Acads at NUS – Hardik Mehta
My previous posts have been about Singapore and life here, not about NUS specifically. I shall talk about NUS in this post. It has been about 5 weeks since classes started, and I have noticed several striking facts in NUS, related to academics and otherwise.
The University is huge – 30,000 students, with faculties of Engineering (10,000 students), Medicine, Business, and Science. The professor to student ratio is roughly 1:10. Everything indoor on this campus is air-conditioned. It’s a lot more hilly than IITB – the 1st storey of a building connects to the 6th storey of another. Internal buses are way cooler than tum-tums as they are all air-conditioned and spacious enough.
Accommodation linked to extra-currics!
I noticed a very striking thing in the first few days, after I spoke to an NUS student, about the competition levels in various activities here. Like IITB hostels, they have many different ‘houses’ on campus here. What is different is that everyone doesn’t get to stay on campus; there is just not enough space and hence some locals stay at home. The university allots every student points for applying for accommodation. If they are overseas students, they are given more initial points than local students, giving them a required initial advantage. Then at the end of every semester, all students have to re-apply for accommodation; almost everyone does since they all want to stay on campus. You earn points through the semester by participating in various activities on campus. They have a mind-boggling number of posts in every club. You can get points by just being a member of a club (for which you have to go through auditions) or you could earn more points by holding a post on the committee of each club, :
For example, something as simple as a dive club has so many committee members:
You use these points to apply for accommodation on campus every semester. The shittiest part of this system (as I see it) is that there is no consistency in terms of the people living next to you; it’s very likely that either you or your friend will be thrown out the next semester. There is no sense of belonging to a hostel (house) – although the concept may not be as strong here, it isn’t unheard of. This is done because the Singapore government (yes, with a country as small as this, government policy will literally reflect in almost every policy of the institute) wants kids to be as multi-talented as possible, with a competitive streak. It is unique, I won’t debate it here, but personally I feel it’s shitty. Also because a kid from abroad doesn’t do well, he just may have to live off campus. And like in IITB, you will lose out on a lot by living off-campus.
Another important fact that I noticed here is the auctioning of courses. Basically, it’s a system where students are given limited points to bid with (say 100). You bid for the courses you think are more important with more points, improving your chances of getting those courses you value more. This is a system that ISB follows as well. Though, it isn’t as consequential in the school of engineering as it is in the school of business, and arts, as engineering course preferences are decided by the direction of specialization.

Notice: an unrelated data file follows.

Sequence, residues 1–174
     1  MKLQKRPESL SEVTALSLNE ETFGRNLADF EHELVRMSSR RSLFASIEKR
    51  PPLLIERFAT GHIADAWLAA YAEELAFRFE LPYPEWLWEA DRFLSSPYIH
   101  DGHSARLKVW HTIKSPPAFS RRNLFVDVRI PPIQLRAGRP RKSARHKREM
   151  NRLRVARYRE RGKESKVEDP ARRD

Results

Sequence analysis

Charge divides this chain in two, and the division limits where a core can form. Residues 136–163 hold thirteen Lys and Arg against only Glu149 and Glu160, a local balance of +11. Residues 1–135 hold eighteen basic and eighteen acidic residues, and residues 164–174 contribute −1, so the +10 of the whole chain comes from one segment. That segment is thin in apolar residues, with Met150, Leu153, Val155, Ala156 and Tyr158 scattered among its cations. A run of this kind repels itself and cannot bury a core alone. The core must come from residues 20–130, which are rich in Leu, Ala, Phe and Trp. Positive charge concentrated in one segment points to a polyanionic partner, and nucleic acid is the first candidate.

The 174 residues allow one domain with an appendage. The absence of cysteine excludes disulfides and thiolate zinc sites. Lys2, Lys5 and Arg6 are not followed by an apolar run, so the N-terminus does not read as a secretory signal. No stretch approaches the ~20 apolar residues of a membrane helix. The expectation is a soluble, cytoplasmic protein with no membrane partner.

The courses themselves
The level of difficulty in courses, as all of us have observed across our courses, has been on-an-average, tad simpler than in IITB. The kids here print notes beforehand, bring them to class (they do come to class despite having notes beforehand! I presume in IITB, this would have an opposite effect, hence professors are skeptical about giving notes until after lectures). More so because lectures are conducted in a fashion that ensures people not attending will be at a disadvantage in the examinations(no compulsory attendance in any of the courses, by the way). Especially, given that the absorption rate of students in the classroom here is way better than IITB. More than 3/4th majority of the students here seem to listen to at least half of what the professor says. One reason, I guess, is that you can consume coffee inside class (and eat as well).
Midsems are not conducted for all courses, it’s at the professor’s discretion. As a result, I had the week off, no midsems, and I spent a week in Thailand (my next post ;)). As you take advanced courses(senior level courses), midsems give way to continuous evaluation in terms of project work, assignments, term papers. I find it to be somewhat better as it makes the evaluation more continuous (do keep in mind that plagiarism in academics is a serious issue here. Hence this translates into more independent work, it’s not just redundant reproduction of material). In one of my courses there is a course project, that has 50% weightage. The teams that do the best work will be sent to a competition in Beijing, a great incentive to create quality projects.
Also, one surprising difference is that there are no independent lab courses. Everything is taught as a part of the courses.
The infrastructure built around the courses is very impressive. Professors share a whole bunch of multimedia along the semester, that includes papers, videos, supplementary notes. The classrooms are, no doubt, amazingly equipped technologically, each more sophisticated than LHC.
The number of students who go on exchange from NUS is insane. But again, that has a lot more to do with the idea of Singapore than NUS (I mean to say Singapore in general, rather than just NUS, works towards international exchange) In 2009,the number of students on exchange from NUS was a mind-numbing 1400! Also, a lot of people go for semester long internships. This is true for many countries outside India. In NUS, its called Industrial Attachment – doing an internship for a semester with a company is equivalent to doing 3 courses.
Be sure to catch my next post where I’ll share experiences from my trip to Thailand!